Futurologists, economists, and entrepreneurs all agree: digitization will change the business world more rapidly and comprehensively than did the Industrial Revolution 150 years ago. Major new developments are expected to take place by 2020 that will affect the underlying structures of industry as such and extend far beyond the current circle of “digital players.”
Highly flexible newcomers – often from other sectors – are putting the dynamic developments in information technology to use in sophisticated ways and leaving established competitors behind. Until very recently, top-brand companies that make high-grade industrial hardware could still rely on sufficient demand. But by tomorrow, they may no longer hold the key to customer access. That key is now in the hands of owners of digital platforms that automatically connect demand with supply. For the “old economy,” it is now of crucial importance not to succumb to inertia but rather to see the opportunities that lie in combining their experience and tradition with the new digital possibilities.
There is an ever greater demand for individual products. At the same time, costs are being lowered due to greater levels of automation and new technologies such as 3D printing. This is bringing production back from low-wage countries to sales markets in proximity to their customers. This trend is combining technical and local knowledge, and its shorter paths are increasing speeds and causing less damage to the environment.
Companies can connect with their customers over the entire life cycle of their products. This lets them understand their customers’ needs better and address them via a “concierge principle.” For example, customers participate in product creation processes (co-creation) or individualize their products by means of co-customizing options. During the ownership phase, customer usage data gives companies valuable information on how to offer additional services in targeted ways. As a result, today’s transactions between companies and customers are turning into ongoing interactions—which benefit both sides.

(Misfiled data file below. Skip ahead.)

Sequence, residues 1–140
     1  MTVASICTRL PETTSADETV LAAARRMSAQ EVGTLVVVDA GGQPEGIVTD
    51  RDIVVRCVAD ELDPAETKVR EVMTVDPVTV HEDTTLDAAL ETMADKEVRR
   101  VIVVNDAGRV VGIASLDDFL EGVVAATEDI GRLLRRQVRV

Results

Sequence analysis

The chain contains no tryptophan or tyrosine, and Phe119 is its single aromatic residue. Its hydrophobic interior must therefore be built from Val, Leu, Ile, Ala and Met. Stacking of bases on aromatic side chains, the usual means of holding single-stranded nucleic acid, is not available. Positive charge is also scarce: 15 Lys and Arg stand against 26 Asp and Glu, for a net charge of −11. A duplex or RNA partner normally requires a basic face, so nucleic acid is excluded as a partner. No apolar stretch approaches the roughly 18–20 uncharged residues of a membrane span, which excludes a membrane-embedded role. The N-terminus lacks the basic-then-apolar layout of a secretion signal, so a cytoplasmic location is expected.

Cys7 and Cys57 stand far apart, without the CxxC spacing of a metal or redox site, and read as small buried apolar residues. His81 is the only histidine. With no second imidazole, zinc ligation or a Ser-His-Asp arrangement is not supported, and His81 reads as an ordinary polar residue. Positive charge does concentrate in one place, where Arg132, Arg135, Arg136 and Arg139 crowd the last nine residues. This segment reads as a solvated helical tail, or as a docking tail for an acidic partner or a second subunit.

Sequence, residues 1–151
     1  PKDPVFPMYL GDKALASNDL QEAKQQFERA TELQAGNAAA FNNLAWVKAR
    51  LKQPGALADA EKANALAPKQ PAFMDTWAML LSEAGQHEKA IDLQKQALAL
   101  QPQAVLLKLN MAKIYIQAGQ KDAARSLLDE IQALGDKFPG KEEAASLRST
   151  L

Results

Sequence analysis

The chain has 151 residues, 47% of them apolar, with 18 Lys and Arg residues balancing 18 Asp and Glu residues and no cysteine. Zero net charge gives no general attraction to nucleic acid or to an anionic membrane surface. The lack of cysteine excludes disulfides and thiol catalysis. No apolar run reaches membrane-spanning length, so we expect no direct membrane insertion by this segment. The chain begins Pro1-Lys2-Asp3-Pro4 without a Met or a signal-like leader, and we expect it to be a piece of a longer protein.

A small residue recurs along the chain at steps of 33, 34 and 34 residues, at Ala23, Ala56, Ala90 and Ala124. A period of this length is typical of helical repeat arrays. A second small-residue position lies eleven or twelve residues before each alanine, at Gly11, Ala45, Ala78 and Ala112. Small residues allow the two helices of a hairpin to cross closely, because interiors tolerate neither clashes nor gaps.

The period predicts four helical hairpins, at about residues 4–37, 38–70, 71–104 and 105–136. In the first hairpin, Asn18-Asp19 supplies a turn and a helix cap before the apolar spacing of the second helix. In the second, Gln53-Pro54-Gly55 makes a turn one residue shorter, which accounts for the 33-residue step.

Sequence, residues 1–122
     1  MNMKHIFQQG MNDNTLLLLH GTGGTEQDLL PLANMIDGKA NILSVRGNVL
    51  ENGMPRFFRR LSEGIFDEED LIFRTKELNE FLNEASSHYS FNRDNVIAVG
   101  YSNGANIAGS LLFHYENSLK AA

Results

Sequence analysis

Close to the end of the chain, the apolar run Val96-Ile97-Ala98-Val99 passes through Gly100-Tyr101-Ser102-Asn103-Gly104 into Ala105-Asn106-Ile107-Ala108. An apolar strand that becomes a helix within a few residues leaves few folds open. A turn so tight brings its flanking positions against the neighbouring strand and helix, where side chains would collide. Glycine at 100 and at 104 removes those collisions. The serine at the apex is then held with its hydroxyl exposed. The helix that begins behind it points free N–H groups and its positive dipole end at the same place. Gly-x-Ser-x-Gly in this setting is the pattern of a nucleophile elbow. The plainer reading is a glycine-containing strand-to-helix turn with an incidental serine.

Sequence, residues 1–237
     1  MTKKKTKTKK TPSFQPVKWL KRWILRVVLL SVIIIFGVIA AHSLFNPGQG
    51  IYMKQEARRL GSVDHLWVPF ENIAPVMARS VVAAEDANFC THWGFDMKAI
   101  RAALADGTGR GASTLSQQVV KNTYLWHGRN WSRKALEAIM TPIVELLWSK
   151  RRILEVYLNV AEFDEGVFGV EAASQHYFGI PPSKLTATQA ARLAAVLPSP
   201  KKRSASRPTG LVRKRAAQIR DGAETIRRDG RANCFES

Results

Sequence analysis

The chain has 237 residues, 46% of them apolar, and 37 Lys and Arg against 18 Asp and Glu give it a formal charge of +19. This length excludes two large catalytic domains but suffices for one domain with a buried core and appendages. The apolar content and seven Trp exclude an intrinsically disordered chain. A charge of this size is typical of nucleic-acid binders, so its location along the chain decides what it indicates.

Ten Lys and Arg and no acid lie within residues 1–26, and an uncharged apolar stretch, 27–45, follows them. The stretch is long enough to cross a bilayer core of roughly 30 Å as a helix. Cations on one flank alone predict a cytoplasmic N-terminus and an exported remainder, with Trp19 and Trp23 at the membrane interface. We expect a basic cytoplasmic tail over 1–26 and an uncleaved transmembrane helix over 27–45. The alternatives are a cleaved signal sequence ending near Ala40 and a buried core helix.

Digital marketplaces are enabling every company to locate suppliers for individual jobs, to relieve their peak capacity periods, and to offer their own capacities during low periods. An approach known as “farming,” for example, gives industry a new business model for decentralizing production and letting its machinery work on a flexible basis for different clients. Other services such as design and logistics can also be booked when a company’s own resources are exhausted.
Digital orders automatically arrange for their own fulfillment in an interconnected system of manufacturers, suppliers, and service providers. While customers are still configuring their orders, the system compares all relevant internal and external resources for design, supply, production, and assembly, and immediately provides a delivery date. Each order “pulls” the requisite designer, the right storage space, and the available machine tools, and also books its own transportation to the customer’s location.
Data alone does not improve the products and processes at industrial companies. But it can produce quantum leaps in quality and enhance costs and reliability if the many sensors and meters feed their product-, process-, and plant-specific information into company-wide systems. Processes can thereby be seamlessly monitored, and controlled and improved in targeted ways, which significantly raises efficiency and quality. Defects and corrections at one aluminum casting company were recently reduced by 80 percent. For maximum speed, closed control loops need to run systems autonomously and initiate fully automatic actions.
Models in which humans and robots work side by side without the safety barriers of the past are changing approaches to logistics. People will no longer be the ones fetching the materials to ship to production sites. Instead, robots will bring the items to the dispatchers, or even deliver them directly to the assembly locations. Amazon has already reversed the “people go to products” principle. Its warehouses now have shelving units that move automatically to the employees, who then just have to remove the products they need for packaging.
Text first published in „Porsche Consulting – The Magazine", Issue 17.
Authors: Gerald Scheffels / Maren Eitel // Graphic: Porsche Consulting